(I definitely agree that if someone emails you saying "I think this speaker is bad and you shouldn't invite him", and after some discussion they say "I'm sorry but I can't agree with you and if you go through with this event I will protest / criticize you / have the university withdraw affiliation", you should not treat this as a bad faith attack. Afaik this was not the case with EA Munich, though I don't know the details.)

----

Re: the first five paragraphs: I feel like this is disagreeing on how to use the word "bully" or "threat", rather than anything super important. I'll just make one note:

Alice is still not a bully even if her motivating beliefs re. Bob are both completely mistaken and unreasonable. She's also still not a bully even if Alice's implied second-order norms are wrong (e.g. maybe the public square would be better off if people didn't stridently object to hosting speakers based on their supposed views on topics they are not speaking upon, etc.)

I'd agree with this if you could reasonably expect to convince Alice that she's wrong on these counts, such that she then stops doing things like

(e.g.) protest this event, stridently criticise the group in the student paper for hosting him, petition the university to withdraw affiliation

But otherwise, given that she's taking actions that destroy value for Bob without generating value for Alice (except via their impact on Bob's actions), I think it is fine to think of this as a threat. (I am less attached to the bully metaphor -- I meant that as an example of a threat.)

Avoiding Munich's Mistakes: Advice for CEA and Local Groups

Yeah, I'm aware that is the emotional response (I feel it too), and I agree the game theoretic reason for not giving in to threats is important. However, it's certainly not a theorem of game theory that you always do better if you don't give in to threats, and sometimes giving in will be the right decision.

we will find you and we will make sure it was not worth it for you, at the cost of our own resources

This is often not an option. (It seems pretty hard to retaliate against an online mob, though I suppose you could randomly select particular members to retaliate against.)

Another good example is bullying. A child has ~no resources to speak of, and bullies will threaten to hurt them unless they do X. Would you really advise this child not to give in to the bully?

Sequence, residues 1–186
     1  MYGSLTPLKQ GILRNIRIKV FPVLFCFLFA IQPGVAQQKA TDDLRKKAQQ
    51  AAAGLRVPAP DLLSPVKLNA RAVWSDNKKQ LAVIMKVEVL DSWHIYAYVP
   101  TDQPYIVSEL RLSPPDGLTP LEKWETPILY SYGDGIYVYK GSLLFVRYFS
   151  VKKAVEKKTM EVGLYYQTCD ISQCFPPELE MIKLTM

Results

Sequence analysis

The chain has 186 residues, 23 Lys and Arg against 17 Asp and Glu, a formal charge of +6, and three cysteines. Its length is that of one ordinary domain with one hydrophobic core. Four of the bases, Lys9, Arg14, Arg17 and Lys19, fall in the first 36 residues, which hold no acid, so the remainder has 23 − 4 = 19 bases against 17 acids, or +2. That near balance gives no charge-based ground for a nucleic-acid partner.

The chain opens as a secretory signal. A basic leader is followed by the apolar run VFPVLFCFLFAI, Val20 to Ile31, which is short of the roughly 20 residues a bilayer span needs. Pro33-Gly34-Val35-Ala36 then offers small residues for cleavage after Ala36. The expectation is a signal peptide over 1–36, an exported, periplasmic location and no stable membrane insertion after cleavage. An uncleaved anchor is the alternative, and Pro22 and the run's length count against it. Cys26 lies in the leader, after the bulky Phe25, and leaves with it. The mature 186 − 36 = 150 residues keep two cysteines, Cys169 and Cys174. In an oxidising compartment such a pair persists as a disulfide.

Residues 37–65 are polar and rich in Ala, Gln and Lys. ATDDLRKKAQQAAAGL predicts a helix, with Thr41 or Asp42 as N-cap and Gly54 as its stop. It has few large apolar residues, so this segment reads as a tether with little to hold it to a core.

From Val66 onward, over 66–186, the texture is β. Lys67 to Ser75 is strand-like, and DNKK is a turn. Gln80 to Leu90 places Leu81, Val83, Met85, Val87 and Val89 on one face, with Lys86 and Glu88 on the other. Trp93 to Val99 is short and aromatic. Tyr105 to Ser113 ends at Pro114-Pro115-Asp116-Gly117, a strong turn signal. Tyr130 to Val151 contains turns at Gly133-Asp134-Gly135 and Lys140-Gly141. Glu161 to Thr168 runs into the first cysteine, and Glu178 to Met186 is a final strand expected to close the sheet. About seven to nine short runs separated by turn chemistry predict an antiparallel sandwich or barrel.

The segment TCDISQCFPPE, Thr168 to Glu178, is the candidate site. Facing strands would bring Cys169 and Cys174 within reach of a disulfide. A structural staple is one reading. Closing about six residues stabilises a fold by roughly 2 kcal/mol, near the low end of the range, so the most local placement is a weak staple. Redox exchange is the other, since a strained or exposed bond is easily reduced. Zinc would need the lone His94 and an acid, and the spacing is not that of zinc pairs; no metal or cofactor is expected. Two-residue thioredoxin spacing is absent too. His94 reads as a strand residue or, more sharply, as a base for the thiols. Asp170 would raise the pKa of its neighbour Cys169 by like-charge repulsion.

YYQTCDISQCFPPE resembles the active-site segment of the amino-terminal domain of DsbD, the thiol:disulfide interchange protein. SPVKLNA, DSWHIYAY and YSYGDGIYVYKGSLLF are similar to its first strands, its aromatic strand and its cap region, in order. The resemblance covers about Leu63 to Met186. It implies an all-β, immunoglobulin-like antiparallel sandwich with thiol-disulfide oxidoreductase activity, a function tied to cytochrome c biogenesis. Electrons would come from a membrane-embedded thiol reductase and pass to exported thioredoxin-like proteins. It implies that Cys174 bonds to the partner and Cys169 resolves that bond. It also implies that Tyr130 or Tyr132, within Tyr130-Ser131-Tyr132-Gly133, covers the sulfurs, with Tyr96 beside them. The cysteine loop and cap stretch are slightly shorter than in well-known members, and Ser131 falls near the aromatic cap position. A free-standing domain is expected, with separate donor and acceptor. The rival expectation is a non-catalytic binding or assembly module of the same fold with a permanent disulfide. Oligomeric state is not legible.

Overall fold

(Assume for the sake of the hypothetical the child has already tried to get adults involved and it has done ~nothing, as I am told is in fact often the case. No, the child can't coordinate with other children to fight the bully, because children are not that good at coordinating.)

Avoiding Munich's Mistakes: Advice for CEA and Local Groups

It seems like you believe that one's decision of whether or not to disinvite a speaker should depend only on one's beliefs about the speaker's character, intellectual merits, etc. and in particular not on how other people would react.

Suppose that you receive a credible threat that if you let already-invited person X speak at your event, then multiple bombs would be set off, killing hundreds of people. Can we agree that in that situation it is correct to cancel the event?

If so, then it seems like at least in extreme cases, you agree that the decision of whether or not to hold an event can depend on how other people react. I don't see why you seem to assume that in the EA Munich case, the consequences are not bad enough that EA Munich's decision is reasonable.

Some plausible (though not probable) consequences of hosting the talk:

  • Protests disrupting the event (this has previously happened to a local EA group)
  • Organizers themselves get cancelled
  • Most members of the club leave due to risk of the above or disagreements with the club's priorities

At least the first two seem quite bad, there's room for debate on the third.

In addition, while I agree that the extremes of cancel culture are in fact very harmful for EA, it's hard to argue that disinviting a speaker is anywhere near the level of any of the examples you give. Notably, they are not calling for a mob to e.g. remove Robin Hanson from his post, they are simply cancelling one particular talk that he was going to give at their venue. This definitely does have a negative impact on norms, but it doesn't seem obvious to me that the impact is very large.

Separately, I think it is also reasonable for a random person to come to believe that Robin Hanson is not arguing in good faith.

(Note: I'm still undecided on whether or not the decision itself was good or not.)

Getting money out of politics and into charity

I'm super excited that you're doing this! It's something I've wanted to exist for a long time, and I considered doing it myself a few years ago. It definitely seems like the legal issues are the biggest hurdle. Perhaps I'm being naively optimistic, but I was at least somewhat hopeful that you could get the political parties to not hate you, by phrasing it as "we're taking away money from the other party".

I'm happy to chat about implementation details, unfortunately I'm pretty busy and can't actually commit enough time to help with, you know, actual implementation. Also unfortunately, it seems I have a similar background to you, and so wouldn't really complement your knowledge very well.

If I were to donate to politics (which I could see happening), I would very likely use this service if it existed.